Many companies featured on Money advertise with us. Opinions are our own, but compensation and
in-depth research determine where and how companies may appear. Learn more about how we make money.

By Brooke Niemeyer/
August 2, 2016
Bloomberg—Bloomberg via Getty Images

If your phone rings and it’s a number you don’t recognize, do you answer? And, if you do, how often do you regret it once you realize it’s a scammer on the other end of the line?

Well, if you have a Google Android phone, you might be able to avoid that hassle in the future.

Google recently announced its Google Phone app for Nexus and Android One will start warning users about calls that are suspected to be from a spam caller. From there, users can block and/or report any of these unwanted callers to help raise community awareness.

It’s important to note that to use the caller ID and spam protection feature, you may have to give Google access to information about your phone calls, the Nexus support page says.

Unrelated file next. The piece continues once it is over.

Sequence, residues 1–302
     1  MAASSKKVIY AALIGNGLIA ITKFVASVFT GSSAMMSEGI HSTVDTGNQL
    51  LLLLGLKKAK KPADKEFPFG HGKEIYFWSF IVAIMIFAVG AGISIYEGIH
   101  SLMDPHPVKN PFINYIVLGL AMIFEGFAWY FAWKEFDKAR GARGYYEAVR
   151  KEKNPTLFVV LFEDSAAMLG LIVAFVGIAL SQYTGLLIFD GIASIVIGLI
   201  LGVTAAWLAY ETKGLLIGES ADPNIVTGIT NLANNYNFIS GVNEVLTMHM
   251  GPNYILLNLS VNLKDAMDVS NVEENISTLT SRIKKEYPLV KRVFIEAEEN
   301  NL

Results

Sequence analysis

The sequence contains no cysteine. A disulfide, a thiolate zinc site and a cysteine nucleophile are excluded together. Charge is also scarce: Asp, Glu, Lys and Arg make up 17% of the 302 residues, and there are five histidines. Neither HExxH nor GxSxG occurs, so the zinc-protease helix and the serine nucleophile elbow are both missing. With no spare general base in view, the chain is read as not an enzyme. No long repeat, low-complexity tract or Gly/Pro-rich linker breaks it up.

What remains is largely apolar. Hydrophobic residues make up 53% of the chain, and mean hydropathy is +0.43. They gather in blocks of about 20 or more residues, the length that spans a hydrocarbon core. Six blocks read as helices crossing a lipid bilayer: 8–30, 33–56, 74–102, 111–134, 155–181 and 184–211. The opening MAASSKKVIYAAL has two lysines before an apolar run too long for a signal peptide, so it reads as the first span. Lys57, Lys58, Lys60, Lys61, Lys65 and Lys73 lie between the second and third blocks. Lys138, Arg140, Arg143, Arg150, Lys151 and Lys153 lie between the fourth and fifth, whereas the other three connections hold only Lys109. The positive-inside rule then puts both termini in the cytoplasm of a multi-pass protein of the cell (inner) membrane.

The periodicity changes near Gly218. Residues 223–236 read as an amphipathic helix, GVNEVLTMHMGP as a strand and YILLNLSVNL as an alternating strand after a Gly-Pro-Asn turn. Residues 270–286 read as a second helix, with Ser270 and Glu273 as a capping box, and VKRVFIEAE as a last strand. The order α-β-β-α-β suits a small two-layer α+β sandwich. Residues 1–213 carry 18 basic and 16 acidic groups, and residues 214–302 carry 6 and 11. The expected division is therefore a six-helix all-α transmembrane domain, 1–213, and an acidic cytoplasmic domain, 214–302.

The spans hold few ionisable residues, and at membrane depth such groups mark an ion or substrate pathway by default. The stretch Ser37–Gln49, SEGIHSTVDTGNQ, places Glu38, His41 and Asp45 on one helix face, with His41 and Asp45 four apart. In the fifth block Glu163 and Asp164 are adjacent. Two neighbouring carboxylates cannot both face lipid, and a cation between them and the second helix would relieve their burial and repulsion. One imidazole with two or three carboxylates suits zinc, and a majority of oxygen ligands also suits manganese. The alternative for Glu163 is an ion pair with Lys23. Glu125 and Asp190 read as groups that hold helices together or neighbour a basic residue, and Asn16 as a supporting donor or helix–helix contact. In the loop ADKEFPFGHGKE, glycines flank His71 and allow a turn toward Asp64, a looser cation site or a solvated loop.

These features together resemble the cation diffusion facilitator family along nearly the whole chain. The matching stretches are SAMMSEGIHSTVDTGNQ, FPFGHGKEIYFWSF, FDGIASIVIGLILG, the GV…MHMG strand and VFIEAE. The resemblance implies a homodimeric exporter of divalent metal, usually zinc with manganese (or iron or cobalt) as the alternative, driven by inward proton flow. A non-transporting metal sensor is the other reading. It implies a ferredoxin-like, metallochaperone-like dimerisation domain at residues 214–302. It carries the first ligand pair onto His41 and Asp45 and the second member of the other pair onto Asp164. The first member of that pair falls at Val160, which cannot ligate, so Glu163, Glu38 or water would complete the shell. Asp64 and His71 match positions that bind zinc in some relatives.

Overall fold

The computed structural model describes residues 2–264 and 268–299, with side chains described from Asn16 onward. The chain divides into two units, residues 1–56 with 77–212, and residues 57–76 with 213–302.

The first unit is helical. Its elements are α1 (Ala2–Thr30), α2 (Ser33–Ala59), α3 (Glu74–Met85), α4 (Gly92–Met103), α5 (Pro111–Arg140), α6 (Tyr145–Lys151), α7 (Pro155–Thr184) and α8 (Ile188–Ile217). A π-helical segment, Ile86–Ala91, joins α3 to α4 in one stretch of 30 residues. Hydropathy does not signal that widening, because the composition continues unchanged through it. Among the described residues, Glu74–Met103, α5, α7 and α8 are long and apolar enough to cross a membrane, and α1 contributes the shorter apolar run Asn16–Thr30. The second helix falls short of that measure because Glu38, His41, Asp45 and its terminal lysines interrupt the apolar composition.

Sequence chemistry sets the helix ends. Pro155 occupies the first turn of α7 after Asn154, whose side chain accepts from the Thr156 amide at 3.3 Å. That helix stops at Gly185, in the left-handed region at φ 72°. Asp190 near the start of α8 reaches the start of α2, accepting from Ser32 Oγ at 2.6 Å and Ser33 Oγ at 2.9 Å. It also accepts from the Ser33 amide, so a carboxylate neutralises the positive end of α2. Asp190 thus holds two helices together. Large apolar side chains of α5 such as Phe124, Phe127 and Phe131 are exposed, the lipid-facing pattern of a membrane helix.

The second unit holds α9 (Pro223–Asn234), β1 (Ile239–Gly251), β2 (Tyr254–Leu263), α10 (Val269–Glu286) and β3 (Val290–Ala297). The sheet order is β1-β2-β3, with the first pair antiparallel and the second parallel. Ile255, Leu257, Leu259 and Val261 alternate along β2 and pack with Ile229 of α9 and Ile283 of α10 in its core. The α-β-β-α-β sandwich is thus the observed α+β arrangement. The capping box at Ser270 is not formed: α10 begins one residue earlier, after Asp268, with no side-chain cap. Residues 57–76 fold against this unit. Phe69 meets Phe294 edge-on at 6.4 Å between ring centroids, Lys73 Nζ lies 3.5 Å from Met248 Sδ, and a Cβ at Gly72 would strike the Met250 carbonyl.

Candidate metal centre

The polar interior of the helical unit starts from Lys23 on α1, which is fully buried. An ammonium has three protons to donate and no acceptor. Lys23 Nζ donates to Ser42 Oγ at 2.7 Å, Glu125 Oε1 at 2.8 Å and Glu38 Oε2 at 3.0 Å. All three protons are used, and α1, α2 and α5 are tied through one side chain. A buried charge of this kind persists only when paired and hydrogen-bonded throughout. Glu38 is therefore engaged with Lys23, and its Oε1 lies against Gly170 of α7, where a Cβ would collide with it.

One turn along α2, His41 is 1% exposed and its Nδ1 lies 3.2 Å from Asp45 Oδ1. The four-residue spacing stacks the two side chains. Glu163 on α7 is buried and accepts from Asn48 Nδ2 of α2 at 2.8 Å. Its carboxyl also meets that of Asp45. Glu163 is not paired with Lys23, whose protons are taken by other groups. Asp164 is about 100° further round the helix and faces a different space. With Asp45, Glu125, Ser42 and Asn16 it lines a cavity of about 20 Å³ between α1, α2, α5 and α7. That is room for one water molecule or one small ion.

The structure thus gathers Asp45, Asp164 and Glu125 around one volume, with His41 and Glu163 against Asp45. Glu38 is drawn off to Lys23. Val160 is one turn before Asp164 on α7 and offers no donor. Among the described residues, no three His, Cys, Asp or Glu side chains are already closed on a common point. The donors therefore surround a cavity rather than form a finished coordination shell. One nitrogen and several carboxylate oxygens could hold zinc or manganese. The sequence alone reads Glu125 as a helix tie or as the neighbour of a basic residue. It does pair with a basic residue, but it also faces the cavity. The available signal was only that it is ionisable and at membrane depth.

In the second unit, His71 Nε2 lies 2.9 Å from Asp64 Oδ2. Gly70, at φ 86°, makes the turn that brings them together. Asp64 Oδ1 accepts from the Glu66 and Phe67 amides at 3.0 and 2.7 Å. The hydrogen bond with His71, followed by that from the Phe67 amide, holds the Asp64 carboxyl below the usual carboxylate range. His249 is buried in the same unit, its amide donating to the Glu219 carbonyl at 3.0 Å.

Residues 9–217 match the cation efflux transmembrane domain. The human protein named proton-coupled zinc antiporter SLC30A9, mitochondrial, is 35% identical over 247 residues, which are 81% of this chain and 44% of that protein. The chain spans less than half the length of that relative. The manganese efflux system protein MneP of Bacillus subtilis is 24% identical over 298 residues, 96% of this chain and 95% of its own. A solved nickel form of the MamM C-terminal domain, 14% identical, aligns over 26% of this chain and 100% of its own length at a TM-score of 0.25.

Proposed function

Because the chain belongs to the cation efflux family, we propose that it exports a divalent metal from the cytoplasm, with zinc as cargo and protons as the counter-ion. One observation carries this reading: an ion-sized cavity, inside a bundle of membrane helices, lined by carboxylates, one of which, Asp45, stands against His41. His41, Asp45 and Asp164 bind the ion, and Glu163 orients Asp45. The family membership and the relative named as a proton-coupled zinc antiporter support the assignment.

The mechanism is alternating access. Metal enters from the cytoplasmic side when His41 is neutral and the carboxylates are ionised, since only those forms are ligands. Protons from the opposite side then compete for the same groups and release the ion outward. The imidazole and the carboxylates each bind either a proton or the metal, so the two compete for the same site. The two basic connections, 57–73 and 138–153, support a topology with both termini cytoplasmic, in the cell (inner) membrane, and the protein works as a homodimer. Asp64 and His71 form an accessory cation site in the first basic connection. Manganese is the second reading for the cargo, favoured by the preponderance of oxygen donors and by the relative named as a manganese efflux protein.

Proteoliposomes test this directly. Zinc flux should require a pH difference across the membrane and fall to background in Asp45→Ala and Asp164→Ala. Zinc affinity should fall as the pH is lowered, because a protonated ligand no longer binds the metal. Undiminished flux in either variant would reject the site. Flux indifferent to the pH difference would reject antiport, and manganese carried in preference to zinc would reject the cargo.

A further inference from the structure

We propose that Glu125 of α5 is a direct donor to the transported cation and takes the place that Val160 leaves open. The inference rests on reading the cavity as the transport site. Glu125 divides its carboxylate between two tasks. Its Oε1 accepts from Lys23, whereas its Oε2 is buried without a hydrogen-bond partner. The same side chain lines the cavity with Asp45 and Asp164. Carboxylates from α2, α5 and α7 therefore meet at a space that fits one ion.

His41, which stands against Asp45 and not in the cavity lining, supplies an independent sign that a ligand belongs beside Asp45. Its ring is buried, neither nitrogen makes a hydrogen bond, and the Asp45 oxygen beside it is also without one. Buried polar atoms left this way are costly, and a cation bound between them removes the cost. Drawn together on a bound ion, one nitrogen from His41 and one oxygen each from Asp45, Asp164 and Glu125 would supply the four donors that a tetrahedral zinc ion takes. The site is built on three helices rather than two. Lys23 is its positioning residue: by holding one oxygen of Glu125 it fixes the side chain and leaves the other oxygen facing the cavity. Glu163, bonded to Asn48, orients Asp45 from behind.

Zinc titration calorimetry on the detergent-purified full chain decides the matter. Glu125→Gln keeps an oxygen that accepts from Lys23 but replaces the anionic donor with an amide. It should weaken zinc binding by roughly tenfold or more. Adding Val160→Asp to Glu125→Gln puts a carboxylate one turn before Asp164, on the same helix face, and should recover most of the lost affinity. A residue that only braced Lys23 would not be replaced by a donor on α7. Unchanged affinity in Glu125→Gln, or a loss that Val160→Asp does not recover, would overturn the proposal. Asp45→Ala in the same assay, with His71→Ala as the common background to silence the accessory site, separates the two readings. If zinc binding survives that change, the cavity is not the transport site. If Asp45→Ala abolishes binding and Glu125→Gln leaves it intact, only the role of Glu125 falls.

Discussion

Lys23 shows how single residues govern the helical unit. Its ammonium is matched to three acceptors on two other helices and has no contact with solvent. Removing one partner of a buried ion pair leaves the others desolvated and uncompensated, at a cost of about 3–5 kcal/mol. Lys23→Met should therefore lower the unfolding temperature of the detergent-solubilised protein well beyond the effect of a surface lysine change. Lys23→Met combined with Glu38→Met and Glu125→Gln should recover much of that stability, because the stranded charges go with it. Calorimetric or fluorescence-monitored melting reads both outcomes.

Read: How to Dispute an Error on Your Credit Report

Advice for Avoiding Phone Fraud

The Better Business Bureau encourages consumers to be smart about spam phone calls and offers the following advice.

  • Don’t rely on caller ID alone. It’s easy to make calls look like they’re coming from a familiar number or area code, or even from your phone number.
  • If you get a call from a number you don’t recognize, be sure to look it up online before you return the call.
  • Be skeptical if anyone who calls wants you to wire money, give access to your computer, or anything else of this nature.

Read: What You Should Do If You’re a Victim of Identity Theft

What Else You Can Do

Even if your phone has the option for the new Google spam warnings, it is not a foolproof solution to preventing these callers from contacting you or scams from happening. If you think you may have been a victim of a scam, make sure you’re frequently checking your financial accounts and credit for any indications that something is wrong.

Read: When Freezing Your Credit is a Bad Idea

Look for signs of a problem — like unauthorized transactions, unfamiliar credit report entries and sudden changes in your credit scores — and address them immediately.